Last year we were delighted to see recently coppiced hazel regenerating vigorously inside the newly installed deer exclosure. This year we’re impatient to see how well those coppice stools spring into life again. To provide us with optimism, in a video clip from a camera trap that Anthony Morgan set up over the winter, you can just make out the shadowy uprights of the exclosure posts behind the roe deer.
To see the video click here. It’s a little hazy, so best watched in full screen mode.
2 thoughts on “The Deer Fencing is Doing its Job”
Hello, Patrick and thanks for your interest. The honest answer is that no-one around here is quite sure if Muntjac have arrived. My farmer neighbours haven’t seen any. I know what they look like from night driving elsewhere in the country, but I’ve not spotted any when driving home late. There are masses of deer droppings everywhere, but we’re not qualified enough to identify the species from them. When we first erected the fencing, which is heavy duty plastic and 1.8m high, holes started to appear lower down, but the hazel wasn’t nibbled. We think the holes were caused by rabbits, and we’ve now installed a skirt of chicken wire which appears to have stopped that happening. The prospect of digging down a foot amongst the tree roots doesn’t bear thinking about. Maybe, as ours is a small area of fencing in a much larger wood, Muntjac wouldn’t bother as there’s so much food more easily available that doesn’t require burrowing to get at. What do you think? Kind regards, Patrick. P.S. Come and visit us when you’re in the area.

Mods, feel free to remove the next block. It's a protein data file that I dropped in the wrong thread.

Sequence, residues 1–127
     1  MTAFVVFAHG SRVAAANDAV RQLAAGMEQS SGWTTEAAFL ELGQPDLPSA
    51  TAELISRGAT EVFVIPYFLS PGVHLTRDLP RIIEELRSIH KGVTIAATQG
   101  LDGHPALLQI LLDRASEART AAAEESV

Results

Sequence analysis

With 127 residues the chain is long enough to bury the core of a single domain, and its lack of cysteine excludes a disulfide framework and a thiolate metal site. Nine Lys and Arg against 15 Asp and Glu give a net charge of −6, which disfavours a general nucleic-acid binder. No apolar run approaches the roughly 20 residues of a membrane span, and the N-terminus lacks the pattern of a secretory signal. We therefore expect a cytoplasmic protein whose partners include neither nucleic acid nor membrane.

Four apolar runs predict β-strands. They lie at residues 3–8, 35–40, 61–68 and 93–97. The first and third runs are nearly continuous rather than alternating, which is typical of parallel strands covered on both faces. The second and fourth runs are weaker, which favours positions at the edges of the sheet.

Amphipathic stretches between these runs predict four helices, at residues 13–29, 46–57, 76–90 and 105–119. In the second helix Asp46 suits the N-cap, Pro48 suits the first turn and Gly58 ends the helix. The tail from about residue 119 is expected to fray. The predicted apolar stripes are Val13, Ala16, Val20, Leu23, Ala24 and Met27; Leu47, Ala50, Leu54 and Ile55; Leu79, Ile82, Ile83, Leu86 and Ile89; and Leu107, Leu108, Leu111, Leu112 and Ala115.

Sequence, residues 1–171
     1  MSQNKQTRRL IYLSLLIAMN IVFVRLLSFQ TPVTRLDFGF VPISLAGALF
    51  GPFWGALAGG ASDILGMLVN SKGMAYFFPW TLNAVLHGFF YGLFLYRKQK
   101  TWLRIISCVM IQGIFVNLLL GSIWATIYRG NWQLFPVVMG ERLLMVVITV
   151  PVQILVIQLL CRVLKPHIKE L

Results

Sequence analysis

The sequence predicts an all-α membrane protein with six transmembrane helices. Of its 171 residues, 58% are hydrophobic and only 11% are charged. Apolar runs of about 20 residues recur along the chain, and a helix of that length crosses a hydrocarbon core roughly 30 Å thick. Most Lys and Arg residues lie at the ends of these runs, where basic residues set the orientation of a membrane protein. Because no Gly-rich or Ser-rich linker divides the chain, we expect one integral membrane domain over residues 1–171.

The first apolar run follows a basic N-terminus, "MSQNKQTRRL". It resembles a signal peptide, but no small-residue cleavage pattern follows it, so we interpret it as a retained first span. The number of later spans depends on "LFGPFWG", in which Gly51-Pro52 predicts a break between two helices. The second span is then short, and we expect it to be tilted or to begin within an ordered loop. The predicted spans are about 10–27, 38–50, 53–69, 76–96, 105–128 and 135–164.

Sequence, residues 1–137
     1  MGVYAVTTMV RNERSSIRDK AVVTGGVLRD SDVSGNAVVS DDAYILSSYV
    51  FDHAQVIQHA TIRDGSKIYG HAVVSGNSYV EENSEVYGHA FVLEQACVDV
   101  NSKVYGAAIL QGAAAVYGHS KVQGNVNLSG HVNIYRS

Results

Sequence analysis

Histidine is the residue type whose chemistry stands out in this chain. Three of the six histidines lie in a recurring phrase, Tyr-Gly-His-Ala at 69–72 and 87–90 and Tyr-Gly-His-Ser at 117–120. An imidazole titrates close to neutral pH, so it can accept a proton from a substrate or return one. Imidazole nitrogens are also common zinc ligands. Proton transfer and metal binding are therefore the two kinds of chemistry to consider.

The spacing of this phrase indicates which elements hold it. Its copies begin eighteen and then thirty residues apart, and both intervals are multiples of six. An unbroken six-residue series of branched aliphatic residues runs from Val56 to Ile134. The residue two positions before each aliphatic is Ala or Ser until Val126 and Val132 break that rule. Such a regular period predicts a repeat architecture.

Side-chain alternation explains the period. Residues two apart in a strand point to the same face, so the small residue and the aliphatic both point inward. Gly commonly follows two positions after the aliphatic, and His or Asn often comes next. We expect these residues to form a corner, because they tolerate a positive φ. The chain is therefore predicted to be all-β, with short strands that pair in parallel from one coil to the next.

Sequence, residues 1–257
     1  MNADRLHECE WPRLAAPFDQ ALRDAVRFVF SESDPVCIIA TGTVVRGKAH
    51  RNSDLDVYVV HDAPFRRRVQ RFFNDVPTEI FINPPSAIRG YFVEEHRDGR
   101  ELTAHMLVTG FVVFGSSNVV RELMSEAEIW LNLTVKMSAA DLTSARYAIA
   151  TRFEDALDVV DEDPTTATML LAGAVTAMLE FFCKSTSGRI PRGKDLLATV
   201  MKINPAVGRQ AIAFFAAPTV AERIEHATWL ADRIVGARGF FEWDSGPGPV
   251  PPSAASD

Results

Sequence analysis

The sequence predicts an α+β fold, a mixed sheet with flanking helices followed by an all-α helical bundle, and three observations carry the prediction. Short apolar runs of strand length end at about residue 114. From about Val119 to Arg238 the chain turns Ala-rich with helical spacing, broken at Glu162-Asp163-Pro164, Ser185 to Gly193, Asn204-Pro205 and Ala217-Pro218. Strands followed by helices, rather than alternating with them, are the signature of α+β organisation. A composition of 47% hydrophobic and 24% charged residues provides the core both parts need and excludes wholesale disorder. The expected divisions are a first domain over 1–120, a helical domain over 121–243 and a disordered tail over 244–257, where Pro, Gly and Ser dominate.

As a matter of interest do you have Muntjac deer anywhere near your site. If you do you may need to bury the bottom 12â of your exclosure fence in the ground as they are likely to dig under it and once inside prove extremely difficult to deal with. Coppice regrowth is a muntjacâ s favoured food source and they will go to extreme lengths to feed upon it. Yours Patrick Faulkner, deer management advisor for the Deer Initiative.